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(photo credit: Bloomberg )
While most investors panicked or were forced to sell, Berkshire Hathaway chairman Warren Buffett put more than $20 billion to work last year, positioning his insurance-focused conglomerate to profit if the economy and markets recover in coming years.
As 2008 began, Berkshire had more than $44b. in cash, partly because Buffett had struggled to find attractively priced investments and acquisitions in recent years. The biggest recent acquisition had been Berkshire's purchase of 80 percent of Israeli metal-cutting-tool maker Iscar Metalworking Cos. for $4 billion in 2006.
But he topped that several times during the past year. By the end of September, Berkshire held $33.4b. in cash.
In March, Berkshire bought 60% of Marmon Holdings for $4.5b. In July, it invested $3b. in Dow Chemical convertible preferred stock. Another $6.3b. went into subordinated notes and preferred shares of Wm. Wrigley Jr. Co.
Berkshire also offered to acquire Constellation Energy for about $4.7b. and invested $1b. in the company's convertible debt. Deep in the midst of the financial crisis, Buffett bought $8b. of preferred stock in General Electric and Goldman Sachs.
Berkshire also boosted some of its equity holdings in companies such as ConocoPhillips, Burlington Northern and US Bancorp.
"He hadn't really added to his stock-market investments in the previous decade, which shows remarkable restraint," said Mark Sellers, managing partners of hedge fund Sellers Capital LLC. "He was a bomb waiting to explode; as soon as stocks got cheap, he immediately released."
Buffett is considered one of the world's best investors, so when he puts this much money to work, other investors take note and sometimes follow his lead.
"He's in a different position, but individuals with long-term investment horizons can take guidance from him," said Justin Fuller, a partner at Midway Capital Research & Management and editor of the Web site Buffettologist.com. "While everyone's been screaming and running for cash, he's been planting great investment seeds for the next 10 to 15 years."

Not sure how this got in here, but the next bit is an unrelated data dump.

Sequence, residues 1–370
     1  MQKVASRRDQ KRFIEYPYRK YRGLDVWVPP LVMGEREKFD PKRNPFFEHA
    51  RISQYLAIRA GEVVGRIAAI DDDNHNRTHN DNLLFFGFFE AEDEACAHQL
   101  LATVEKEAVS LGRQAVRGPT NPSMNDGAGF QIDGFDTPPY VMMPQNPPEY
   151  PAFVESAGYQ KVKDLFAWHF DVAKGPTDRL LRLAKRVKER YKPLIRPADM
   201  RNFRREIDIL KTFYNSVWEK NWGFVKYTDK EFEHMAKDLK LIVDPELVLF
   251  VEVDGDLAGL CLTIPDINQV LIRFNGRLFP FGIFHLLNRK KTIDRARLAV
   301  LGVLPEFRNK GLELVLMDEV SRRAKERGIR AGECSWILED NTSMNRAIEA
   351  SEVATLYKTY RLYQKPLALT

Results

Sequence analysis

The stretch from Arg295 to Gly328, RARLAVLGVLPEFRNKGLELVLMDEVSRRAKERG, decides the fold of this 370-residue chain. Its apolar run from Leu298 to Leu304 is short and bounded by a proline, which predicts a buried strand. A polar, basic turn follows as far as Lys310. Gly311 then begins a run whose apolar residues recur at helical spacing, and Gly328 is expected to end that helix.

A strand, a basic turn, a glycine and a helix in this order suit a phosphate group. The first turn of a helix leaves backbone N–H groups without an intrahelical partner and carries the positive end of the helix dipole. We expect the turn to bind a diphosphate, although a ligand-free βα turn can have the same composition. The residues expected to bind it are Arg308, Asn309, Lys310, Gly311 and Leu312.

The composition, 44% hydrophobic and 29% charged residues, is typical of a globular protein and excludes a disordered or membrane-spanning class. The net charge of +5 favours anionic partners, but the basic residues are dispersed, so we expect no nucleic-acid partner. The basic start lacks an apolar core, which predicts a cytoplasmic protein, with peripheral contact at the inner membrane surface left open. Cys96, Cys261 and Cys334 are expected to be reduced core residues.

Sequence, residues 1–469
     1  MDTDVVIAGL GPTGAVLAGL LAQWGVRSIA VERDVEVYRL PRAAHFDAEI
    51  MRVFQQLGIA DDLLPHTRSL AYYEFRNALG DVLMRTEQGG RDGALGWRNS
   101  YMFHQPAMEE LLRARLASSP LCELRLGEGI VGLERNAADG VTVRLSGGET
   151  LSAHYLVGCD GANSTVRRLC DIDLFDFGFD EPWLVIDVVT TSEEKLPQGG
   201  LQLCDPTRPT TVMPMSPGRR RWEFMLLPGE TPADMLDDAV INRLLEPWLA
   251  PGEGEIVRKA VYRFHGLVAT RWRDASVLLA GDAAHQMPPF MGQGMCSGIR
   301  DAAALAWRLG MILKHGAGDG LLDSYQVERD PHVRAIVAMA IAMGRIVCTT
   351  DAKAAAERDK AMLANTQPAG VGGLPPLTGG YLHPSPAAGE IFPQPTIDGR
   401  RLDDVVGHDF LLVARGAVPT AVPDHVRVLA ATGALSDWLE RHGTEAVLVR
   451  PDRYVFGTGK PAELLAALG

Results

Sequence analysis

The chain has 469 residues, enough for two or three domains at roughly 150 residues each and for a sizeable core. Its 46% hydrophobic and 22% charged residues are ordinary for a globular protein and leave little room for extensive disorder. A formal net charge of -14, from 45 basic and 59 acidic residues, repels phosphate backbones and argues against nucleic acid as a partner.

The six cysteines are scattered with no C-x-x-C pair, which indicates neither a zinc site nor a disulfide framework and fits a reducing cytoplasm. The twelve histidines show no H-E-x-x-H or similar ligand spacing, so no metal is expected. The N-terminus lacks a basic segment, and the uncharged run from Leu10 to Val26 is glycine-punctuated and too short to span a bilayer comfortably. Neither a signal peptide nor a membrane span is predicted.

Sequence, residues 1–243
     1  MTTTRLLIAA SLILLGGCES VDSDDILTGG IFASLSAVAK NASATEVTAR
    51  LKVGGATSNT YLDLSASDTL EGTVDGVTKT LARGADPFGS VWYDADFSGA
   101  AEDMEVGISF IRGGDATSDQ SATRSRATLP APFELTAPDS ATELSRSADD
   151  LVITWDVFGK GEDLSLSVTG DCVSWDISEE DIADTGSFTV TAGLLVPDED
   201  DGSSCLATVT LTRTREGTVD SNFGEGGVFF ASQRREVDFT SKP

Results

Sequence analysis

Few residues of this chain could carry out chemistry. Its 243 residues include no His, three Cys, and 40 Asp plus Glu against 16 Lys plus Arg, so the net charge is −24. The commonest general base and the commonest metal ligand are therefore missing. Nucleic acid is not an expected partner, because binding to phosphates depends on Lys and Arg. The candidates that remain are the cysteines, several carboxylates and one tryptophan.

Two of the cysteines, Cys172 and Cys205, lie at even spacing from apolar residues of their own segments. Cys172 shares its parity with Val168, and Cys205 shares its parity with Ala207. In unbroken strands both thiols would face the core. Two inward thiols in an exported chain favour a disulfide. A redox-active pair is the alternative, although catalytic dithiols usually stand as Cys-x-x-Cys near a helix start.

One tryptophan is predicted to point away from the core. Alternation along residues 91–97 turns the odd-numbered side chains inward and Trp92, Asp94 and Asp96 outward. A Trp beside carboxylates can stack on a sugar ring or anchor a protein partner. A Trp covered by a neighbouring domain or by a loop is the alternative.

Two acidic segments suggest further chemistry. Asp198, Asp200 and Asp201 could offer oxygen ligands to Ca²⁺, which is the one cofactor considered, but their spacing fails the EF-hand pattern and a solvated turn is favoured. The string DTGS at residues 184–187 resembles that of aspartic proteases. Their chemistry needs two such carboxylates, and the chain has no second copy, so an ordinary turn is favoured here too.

Buffett is able to gauge investment success over many years, while other investors, such as hedge funds, are judged over shorter periods, giving the Berkshire chairman a "huge advantage," Fuller said.
Indeed, Buffett sounded bullish about the long-term outlook for the US economy, but bearish in the short term, during an interview with Fox Business News in late November.
"I'm not worried about how we come out in the end," he said. "I mean, I'm not worried about five years from now. Five months from now could be very painful."
Berkshire shares fall
The financial crisis gave Buffett many more opportunities to invest, but it also hit shares of Berkshire hard, pushing the Class A stock down more than 30% in 2008.
Many of the businesses Berkshire owns are related to the housing industry, such as HomeServices of America, Clayton Homes and Shaw Industries, so the company has suffered from the slumps in residential real estate and in home building.
But a more likely reason for the drop in Berkshire stock was that the company was swept up in a general rush for cash among investors, especially those being forced to sell positions to return money to clients, according to Fuller.
"People were looking around for what they could sell to meet redemptions and Berkshire had held up relatively well for most of the year, so it was a good candidate," he explained.
At the height of the crisis in late November, Berkshire's Class A shares dropped as low as $74,100. They've recovered to $99,990 but remain well below the record high of more than $150,000 reached in late 2007.
"When the stock rose past $100,000, there was a lot of attention," Fuller said. "But now you can buy the stock for less than that and the company is worth more, given the additional businesses it owns and the cash it still has."
Fuller doesn't personally own Berkshire shares, but Midway Capital holds Berkshire shares for the firm's clients.
Good, not great
Another concern may be that Buffett moved too quickly to invest in companies like General Electric and Goldman Sachs, according to Sellers.
On September 23, Berkshire agreed to invest $5b. in perpetual preferred stock issued by Goldman. Buffett also got warrants to purchase $5b. of Goldman common stock with a strike price of $115 a share.
Goldman shares have dropped more than 30% since then. The stock now trades below $90.
General Electric shares have also lost roughly 30% since Berkshire invested in a similar deal at the start of October.
"He may have jumped a little quickly," Sellers said. "General Electric and Goldman were good deals, not great deals."
Still, Buffett's restraint over the previous decade shows, according to Sellers, why "he's the greatest investor of all time."